Study 1: information-seeking and anxiety in a threatening natural setting
Time Point 1
1166 participants took part in the study by completing an online questionnaire on Prolific Academic (https://www.prolific.co/) between March 26 and 29, 2020. The sample size was determined based on our pilot study to achieve power of 0.85 of the weakest effect tested in the study (alpha = 0.05). All participants were residing in the US at the time of testing. To assure the sample was a representative sample of the US population we selected the representative samples tool available in Prolific. Prolific takes the intended sample size and stratifies it across age, sex and ethnicity according to the census data from the US Census Bureau to divide the sample into subgroups with the same proportions as the national population. The sample was representative of the US population in terms of age, sex and ethnicity (83% Caucasian, 6% African-American, 5% Asian, 4% mixed, 1% other). Participants’ engagement and attention were tested through various catch trials throughout the experiment (more details are provided in the Supplementary Material S1). 21 participants failed to select the appropriate response more than once on catch trails and therefore were excluded from the analysis. 101 participants did not indicate their ethnicity, so the final sample was composed of 1065 individuals (age = 44.78, SD = 15.49; females = 51.8%). All participants provided informed consent and were paid £3.75 for their participation. The study was approved by the UCL Research Ethics Committee and performed in accordance with relevant guidelines and regulations.
Time Point 2
Between April 23–25 2020, 700 of the participants recruited in Time point 1 filled in a second questionnaire on Prolific Academic (age = 46.3, SD = 15.22; females = 51.9%). No participant failed more than one catch trial (more details are provided in the Supplementary Materials S1). All participants provided informed consent and were paid £1.88 for their participation. The study was approved by the departmental ethics committee at UCL.
Time Point 1
Participants provided an answer to this question: “How often do you consume information on COVID-19 (news, internet etc..)?” on a scale from “Never” (0) to “At least once an hour” (6) on a discrete scale (See Supplementary Materials S1 for details). State anxiety was measured with the Short State Anxiety Inventory (SSAI,24). We also assessed COVID-19-related anxiety by asking participants to answer on a continuous visual analogue scale ranging from 0 (none at all) to 100 (very much) the following questions: (1) “Are you anxious about your own health?”; (2) “Are you anxious about the health of your loved ones in light of COVID-19?”; (3) “Are you anxious about dealing with lockdown in your area?”; (4) “Are you anxious about the consequence to your income/savings in light of COVID-19?”; (5) “Are you anxious about not being able to exercise?”; (6) “Are you anxious about not having access to food/medicine/other supplies?”; (7) “Are you anxious about not being able to socialize?”.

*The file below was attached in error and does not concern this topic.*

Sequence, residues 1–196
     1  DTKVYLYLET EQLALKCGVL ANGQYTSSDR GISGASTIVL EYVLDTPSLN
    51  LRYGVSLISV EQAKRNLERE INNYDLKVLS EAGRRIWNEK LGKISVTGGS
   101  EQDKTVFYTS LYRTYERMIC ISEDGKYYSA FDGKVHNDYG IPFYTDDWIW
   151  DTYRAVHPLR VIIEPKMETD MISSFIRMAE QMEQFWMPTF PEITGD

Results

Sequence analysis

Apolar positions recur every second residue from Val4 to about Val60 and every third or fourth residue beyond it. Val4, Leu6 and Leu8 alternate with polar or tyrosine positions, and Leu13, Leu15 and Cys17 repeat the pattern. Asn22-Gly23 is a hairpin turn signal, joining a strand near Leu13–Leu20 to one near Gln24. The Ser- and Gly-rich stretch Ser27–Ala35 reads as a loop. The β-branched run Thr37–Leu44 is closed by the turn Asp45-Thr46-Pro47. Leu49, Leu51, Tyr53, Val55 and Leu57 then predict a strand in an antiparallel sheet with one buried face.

At the same time, we collected demographic information including participants’ age, gender, current residence, level of education, household income, political orientation, ethnicity, whether they had dependents and the satisfaction with their health insurance. Additional information collected was part of other studies carried out by members of our lab (e.g.,23,25). We report the other questions included in the survey in the Supplementary Materials S1.
Time Point 2
Participants filled in the same questions as in Time Point 1. Many of the items presented in the survey completed by subjects in Time Point 1 for the parallel studies conducted in the lab were not included at Time Point 2 (see the Supplementary Materials S1 for details). Demographics were not assessed a second time.
Given that the COVID-19 anxiety scores and the SSAI score were highly correlated across individual (Time Point 1: R = 0.511, p < 0.001, Time Point 2: R = 0.549, p < 0.001), we computed an aggregate ‘Anxiety Index Score’. The ‘Anxiety Index Score’ was computed by summing the COVID-19-related anxiety questions and the SSAI score (the SSAI score was considered as one measure) and dividing by the total number of questions. The SSAI scores were transformed to the same range as the COVID-19-related anxiety questions (0–100). Then, we ran a linear regression predicting COVID-related information-seeking ratings from the Anxiety Index Score, adding all demographics as covariates (age, gender, educational level, income, political orientation, ethnicity, whether they had dependents and the satisfaction with their health insurance). Importantly, however, we also ran the same analysis with either the average of the COVID-19-related anxiety questions or the SSAI score separately as independent measures, with all demographics as covariates. All the analyses were repeated separately for time 1 and 2. Group-level linear regressions were carried out with R (4.0.1) using the lm package.